and it’s still a ban on religion, and it’s racist, basically. AMY GOODMAN: So, Dahlia Lithwick, can you
first respond to the decision? And then explain what it actually will do. DAHLIA LITHWICK: Yeah, I mean, I think what
Vince says is really important. This was not a decision on the merits. And so, when you hear, you know, the attorney
general or the Trump administration saying, you know, “We’ve been vindicated. The president has this broad latitude to set
national security policy,” there’s actually almost nothing in the written order that we
saw this week suggesting that. There is certainly a flick in the order that
says, yes, you know, the president has a compelling interest in preserving national security. This was a decision about a stay. This was really a technical decision about
the likelihood that the administration will succeed on the merits when this case is heard
in October. So that’s important. This is a really technical ruling. It’s not a constitutional ruling. And I think Vince is quite right that if you
slice and dice who is swept in and who is swept out under this new iteration of the
second iteration of the order, it doesn’t affect nearly as many folks as I think the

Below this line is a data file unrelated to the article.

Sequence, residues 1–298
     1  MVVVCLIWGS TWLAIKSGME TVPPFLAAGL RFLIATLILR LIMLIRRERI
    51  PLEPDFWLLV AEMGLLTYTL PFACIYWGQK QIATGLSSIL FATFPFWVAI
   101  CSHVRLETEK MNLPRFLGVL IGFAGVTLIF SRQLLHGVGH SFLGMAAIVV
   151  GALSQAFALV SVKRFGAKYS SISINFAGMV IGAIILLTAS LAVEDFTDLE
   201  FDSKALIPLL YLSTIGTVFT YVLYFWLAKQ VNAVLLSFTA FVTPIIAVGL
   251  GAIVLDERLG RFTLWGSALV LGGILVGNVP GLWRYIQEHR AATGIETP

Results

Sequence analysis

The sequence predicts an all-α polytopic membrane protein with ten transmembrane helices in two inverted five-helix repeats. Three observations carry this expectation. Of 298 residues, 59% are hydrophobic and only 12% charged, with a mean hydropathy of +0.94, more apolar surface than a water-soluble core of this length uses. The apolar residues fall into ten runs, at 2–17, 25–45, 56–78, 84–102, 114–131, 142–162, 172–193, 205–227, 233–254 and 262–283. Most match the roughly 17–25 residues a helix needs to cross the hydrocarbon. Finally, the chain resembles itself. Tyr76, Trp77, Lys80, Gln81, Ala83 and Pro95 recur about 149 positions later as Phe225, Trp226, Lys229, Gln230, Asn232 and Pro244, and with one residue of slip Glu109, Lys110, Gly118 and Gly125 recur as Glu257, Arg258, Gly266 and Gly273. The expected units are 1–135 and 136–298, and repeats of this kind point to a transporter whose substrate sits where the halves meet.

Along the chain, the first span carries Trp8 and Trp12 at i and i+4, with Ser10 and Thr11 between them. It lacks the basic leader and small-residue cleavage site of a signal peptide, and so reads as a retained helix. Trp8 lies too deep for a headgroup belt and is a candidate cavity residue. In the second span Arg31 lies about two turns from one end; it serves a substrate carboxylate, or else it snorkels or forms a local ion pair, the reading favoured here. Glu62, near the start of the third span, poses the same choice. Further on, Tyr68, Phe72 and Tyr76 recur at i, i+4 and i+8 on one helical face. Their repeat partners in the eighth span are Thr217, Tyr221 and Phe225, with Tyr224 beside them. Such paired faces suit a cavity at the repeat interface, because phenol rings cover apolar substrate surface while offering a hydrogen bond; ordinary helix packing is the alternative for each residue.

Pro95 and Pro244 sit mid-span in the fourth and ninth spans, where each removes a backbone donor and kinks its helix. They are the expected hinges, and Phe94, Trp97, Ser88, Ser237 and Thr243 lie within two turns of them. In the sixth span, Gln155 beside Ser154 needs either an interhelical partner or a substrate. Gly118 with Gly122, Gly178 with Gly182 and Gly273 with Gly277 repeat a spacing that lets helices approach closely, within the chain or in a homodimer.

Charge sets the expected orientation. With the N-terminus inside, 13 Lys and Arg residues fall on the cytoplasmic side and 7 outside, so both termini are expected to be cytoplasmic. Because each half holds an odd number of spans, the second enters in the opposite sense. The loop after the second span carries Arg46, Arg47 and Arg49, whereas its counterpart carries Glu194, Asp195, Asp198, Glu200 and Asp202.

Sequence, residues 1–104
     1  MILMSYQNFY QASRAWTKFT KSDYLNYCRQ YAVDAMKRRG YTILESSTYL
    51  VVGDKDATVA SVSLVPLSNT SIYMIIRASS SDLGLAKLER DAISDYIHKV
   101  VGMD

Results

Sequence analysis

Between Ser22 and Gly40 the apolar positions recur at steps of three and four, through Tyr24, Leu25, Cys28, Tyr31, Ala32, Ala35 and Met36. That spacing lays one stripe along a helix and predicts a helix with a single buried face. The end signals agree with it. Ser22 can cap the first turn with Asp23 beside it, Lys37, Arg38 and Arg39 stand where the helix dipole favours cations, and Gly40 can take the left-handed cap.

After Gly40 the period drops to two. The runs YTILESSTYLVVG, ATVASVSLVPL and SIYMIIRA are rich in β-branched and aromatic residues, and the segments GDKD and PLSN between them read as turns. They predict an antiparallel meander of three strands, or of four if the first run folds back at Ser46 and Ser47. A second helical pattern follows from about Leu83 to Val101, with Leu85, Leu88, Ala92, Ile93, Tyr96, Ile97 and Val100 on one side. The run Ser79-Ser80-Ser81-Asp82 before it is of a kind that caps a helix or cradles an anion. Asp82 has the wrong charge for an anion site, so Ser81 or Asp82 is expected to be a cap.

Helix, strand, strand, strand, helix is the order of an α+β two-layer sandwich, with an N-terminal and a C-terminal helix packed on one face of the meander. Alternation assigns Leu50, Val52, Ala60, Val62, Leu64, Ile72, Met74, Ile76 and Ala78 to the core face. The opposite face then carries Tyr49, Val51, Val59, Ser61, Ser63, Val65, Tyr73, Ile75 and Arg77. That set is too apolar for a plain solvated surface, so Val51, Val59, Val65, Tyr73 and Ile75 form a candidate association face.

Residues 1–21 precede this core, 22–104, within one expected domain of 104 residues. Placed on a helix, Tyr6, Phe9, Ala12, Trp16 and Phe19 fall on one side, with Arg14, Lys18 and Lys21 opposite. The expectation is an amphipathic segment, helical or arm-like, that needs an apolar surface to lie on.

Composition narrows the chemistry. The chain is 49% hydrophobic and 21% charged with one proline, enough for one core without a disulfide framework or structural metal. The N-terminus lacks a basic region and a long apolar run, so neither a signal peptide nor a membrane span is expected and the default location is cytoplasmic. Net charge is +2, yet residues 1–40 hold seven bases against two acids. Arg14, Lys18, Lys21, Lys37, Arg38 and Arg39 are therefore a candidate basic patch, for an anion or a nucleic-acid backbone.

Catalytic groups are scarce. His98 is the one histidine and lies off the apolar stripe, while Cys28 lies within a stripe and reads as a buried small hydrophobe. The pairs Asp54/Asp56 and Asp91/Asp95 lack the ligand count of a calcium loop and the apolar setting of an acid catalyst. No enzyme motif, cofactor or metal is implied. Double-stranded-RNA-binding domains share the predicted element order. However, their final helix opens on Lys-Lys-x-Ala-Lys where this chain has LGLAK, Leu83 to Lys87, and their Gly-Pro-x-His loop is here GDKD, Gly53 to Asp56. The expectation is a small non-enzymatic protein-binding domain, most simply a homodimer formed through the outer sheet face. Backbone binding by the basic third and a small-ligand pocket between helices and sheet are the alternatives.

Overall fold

administration was trying to keep out. But I do think that, really, now what’s
going to happen is that DHS and the State Department are going to have to create some
meaning. They’re going to have to explain to us what
it means to have a bona fide connection to an American. They’re going to set some policies and guidelines,
and they’ll try to enforce it. And the courts are going to push back. So, really, in a sense, this raises more questions
than it answers, Amy, in terms of who exactly is in and who exactly is out. But we’ll find out over the summer. And the courts are going to continue, I think,
to say, well, you know, yes, no, maybe, until the Supreme Court makes a final determination
on the constitutional and statutory questions that underlie this whole litigation. AMY GOODMAN: In an official White House statement,
Trump applauded the Supreme Court’s action as, quote, “a clear victory for our national
security.” He wrote, quote, “As President, I cannot allow
people into our country who want to do us harm. I want people who can love the United States
and all of its citizens, and who will be hardworking and productive.” Trump also tweeted, quote, “Very grateful
for the 9-0 decision from the U.S. Supreme Court. We must keep America SAFE!” VINCENT WARREN: Yeah, you know, I’m getting
used to the Trump accolades that make things up out of whole cloth. I mean, this was—it’s not clear that this
was a 9-0 decision. It was a decision on behalf of the entire
Supreme Court. Also, I mean, let’s break down what he’s
talking about. Everybody wants to keep people out of the
country who want to do us harm. What this—what we’re arguing in these
cases, though, is that the government has made no showing that the people that they’re
trying to keep out of the country are actually trying to do us harm. And this decision almost—technical decision,
as Dahlia points out, almost makes it worse, that the only criteria that we have now is
that the people that are not going to be allowed into the country are people that don’t have